Best Practices for Advocacy Video

by Ben Holse (He/Him)

Two girls curled up on the couch looking at an ipad in the dark

Creating an Engaging Advocacy Video that Showcases Your Issue

Sure, we’ve all seen an engaging advocacy video online and we know how effective can be in leveraging support. It’s an effective advocacy tactic that can help bring more engagement around your issue. But what can a smaller nonprofit with an even smaller budget do to create an online video that will really stand out? The great news is that developing an engaging video for advocacy doesn’t need to be hard or expensive. In fact, you can even create a strong video for your advocacy organization from your iPhone. All you really need is a good story to tell.

In early 2018, The Campaign Workshop worked with our client, DC Vote, to develop an engaging advocacy video that highlighted the inequality that has resulted from the lack of representation for U.S. citizens who live in DC. You can watch the full video here. This video was created with just a single cameraman and an editor. It was promoted organically and through paid advertising. As a jumping off point for your advocacy video project, we’ve developed a list of some video best practices for advocacy based on our DC Vote video.

Know how your video will be used and create a video for that audience

Where will your video run online? Will your advocacy video run on social media, or will it be played as a YouTube ad? Pre-roll? The answers to these questions can help inform which format will make the most sense for your video.For instance, if you plan to run your ad only on social, you may want to consider doing a 15- or even 6-second video. If you want to instead run your ad on YouTube, where someone has the ability to skip your ad, or on pre-roll, where you need to purchase 30-second inventory, then a longer 30-second video may be the better option. For the DC Vote video, we produced both 15- and a 30-second versions that ran across Facebook and YouTube targeted to people outside of DC who were likely unaware of the lack of voting rights for DC residents.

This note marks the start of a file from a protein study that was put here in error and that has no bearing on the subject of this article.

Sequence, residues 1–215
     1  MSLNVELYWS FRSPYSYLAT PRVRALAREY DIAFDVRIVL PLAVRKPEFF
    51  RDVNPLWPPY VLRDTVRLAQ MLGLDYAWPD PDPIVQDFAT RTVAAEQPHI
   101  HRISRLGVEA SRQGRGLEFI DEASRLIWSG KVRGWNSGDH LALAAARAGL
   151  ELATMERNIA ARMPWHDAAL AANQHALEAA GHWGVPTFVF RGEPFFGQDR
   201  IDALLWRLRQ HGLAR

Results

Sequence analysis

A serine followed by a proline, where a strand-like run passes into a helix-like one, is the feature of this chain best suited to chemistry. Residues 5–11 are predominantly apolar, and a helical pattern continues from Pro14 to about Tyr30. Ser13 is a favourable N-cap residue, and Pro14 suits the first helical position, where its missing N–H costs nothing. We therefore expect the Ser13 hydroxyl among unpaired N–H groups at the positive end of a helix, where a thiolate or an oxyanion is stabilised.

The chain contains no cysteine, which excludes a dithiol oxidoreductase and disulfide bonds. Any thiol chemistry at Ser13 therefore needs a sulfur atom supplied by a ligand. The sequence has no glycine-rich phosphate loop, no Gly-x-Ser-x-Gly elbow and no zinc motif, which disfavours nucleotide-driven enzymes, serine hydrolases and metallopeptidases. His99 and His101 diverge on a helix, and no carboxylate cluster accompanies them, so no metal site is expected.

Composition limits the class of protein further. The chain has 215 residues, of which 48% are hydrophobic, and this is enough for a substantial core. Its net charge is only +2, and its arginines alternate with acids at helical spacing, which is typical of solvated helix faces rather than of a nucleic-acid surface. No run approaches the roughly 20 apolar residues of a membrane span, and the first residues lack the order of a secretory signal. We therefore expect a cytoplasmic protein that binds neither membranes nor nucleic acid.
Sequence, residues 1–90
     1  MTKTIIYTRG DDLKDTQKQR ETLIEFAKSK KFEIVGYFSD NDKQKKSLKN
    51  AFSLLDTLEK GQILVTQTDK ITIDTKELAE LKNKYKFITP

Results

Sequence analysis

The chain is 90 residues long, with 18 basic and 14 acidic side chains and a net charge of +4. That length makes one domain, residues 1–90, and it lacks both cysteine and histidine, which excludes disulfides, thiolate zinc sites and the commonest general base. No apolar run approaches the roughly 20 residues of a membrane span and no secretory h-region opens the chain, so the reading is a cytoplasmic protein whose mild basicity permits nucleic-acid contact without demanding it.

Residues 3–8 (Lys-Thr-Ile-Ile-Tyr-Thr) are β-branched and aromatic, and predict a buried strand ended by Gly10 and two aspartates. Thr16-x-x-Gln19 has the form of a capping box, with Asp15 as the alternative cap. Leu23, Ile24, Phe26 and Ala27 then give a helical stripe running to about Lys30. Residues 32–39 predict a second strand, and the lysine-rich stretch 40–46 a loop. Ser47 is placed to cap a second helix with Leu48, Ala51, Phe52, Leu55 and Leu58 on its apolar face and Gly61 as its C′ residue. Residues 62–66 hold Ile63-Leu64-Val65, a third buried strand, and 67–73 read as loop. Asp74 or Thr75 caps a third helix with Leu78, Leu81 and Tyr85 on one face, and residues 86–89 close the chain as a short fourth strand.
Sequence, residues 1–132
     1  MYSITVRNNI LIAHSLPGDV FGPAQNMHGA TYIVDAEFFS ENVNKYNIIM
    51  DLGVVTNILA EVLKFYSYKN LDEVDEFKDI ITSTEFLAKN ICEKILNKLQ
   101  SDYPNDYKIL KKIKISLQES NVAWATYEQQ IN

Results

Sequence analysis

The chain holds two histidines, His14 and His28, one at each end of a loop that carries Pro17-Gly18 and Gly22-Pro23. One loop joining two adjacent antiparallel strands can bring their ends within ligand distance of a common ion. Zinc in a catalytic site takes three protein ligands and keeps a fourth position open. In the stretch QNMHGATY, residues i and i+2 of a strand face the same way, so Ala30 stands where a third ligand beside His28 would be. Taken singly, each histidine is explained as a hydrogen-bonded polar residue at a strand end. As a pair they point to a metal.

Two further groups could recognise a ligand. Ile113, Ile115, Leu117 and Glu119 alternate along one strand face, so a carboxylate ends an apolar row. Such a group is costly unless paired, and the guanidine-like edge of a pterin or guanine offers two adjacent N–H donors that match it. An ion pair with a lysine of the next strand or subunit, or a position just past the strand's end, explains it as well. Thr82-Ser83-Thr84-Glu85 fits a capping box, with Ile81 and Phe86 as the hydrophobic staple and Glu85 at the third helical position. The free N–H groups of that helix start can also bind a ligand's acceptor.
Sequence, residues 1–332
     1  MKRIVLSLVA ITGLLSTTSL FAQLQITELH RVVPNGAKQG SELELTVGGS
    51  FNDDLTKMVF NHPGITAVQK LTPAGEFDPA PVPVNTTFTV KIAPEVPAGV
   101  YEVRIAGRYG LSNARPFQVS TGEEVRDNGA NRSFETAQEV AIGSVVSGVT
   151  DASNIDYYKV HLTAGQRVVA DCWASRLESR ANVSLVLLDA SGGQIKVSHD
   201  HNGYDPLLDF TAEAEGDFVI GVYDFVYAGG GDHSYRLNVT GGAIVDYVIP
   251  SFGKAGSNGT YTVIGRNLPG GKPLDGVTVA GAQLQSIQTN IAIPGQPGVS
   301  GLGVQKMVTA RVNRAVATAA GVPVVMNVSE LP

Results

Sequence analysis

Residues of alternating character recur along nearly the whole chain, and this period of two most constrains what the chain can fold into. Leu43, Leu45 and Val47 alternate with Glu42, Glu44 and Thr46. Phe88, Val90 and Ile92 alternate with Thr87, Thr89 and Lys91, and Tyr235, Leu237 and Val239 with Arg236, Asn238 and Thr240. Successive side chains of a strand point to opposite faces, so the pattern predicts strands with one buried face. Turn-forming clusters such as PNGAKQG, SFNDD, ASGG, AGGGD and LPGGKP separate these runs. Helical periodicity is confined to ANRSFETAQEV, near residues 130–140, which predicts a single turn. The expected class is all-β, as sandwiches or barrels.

Know your overall goal for the video

The goal of your video should be to drive forward your messaging, which you will articulate through your video script. This goal should guide your entire video, though it is most important to have a strong message at the very start to capture those who only give your video a moment’s glance. In the DC Vote video, our primary goal was to raise awareness around the issue of DC inequality for people who lived outside of DC. We targeted the videos to key Congressional districts represented by people in prominent positions, hoping to boost DC Vote’s presence in these districts and build networks of grassroots supporters to pressure their Congresspeople to fight for DC statehood.

Use digital video best practices

We’ve written in the past about using best practices in your digital videos. For any video that’s only running online, adhering to best practices is important. In the DC Vote video, we open with the line, “This yellow line makes some Americans less equal.” This sets the stage for what the video is all about, namely the fact that an arbitrary border line means the DC resident doesn’t have a vote in Congress, while the Maryland resident who live right across the street does. We include on-screen captions throughout the video, which is particularly important for people who watch the video on Facebook without the sound on. We also try to use the yellow line as a visual tie in that subtly wraps the whole video together and provides a common theme.

Make the issue easy to understand

Some advocacy topics can be difficult to understand for someone who isn’t already aware of the issue. In these instances, one of the goals of your advocacy video may be to find a way to break a complicated issue down to make it easier to understand. The inequality of DC voting rights can be difficult for voters to understand. In the DC Vote video, we work to make the issue apparent by depicting two neighbors who seemingly have a lot in common with each other. The camera at one point even pans across the street to show that they live right across the street from one another. Despite this fact, one person has a voice in Congress, while the other does not. 

Recruit real supporters with engaging stories

Creating an engaging advocacy video is all about using real supporters to demonstrate the real-world effects of your position. If done correctly, an advocacy video can highlight your supporters and showcase their stories. Real supporters can help inject emotion into your issue, put a face to your cause and take an issue out of the abstract. Again, in most cases you don’t need fancy lighting or an overpaid sound person to tell this story. A straight to camera testimonial can be just as engaging as a slickly produced video if the story is compelling enough. In our DC Vote video, we use two supporters of the DC Statehood movement who just happen to live across the street from each other, with one supporter who is denied a vote in Congress.

Do you have other best practices from your video project with your advocacy campaign? Share them below, we’d love to hear about them!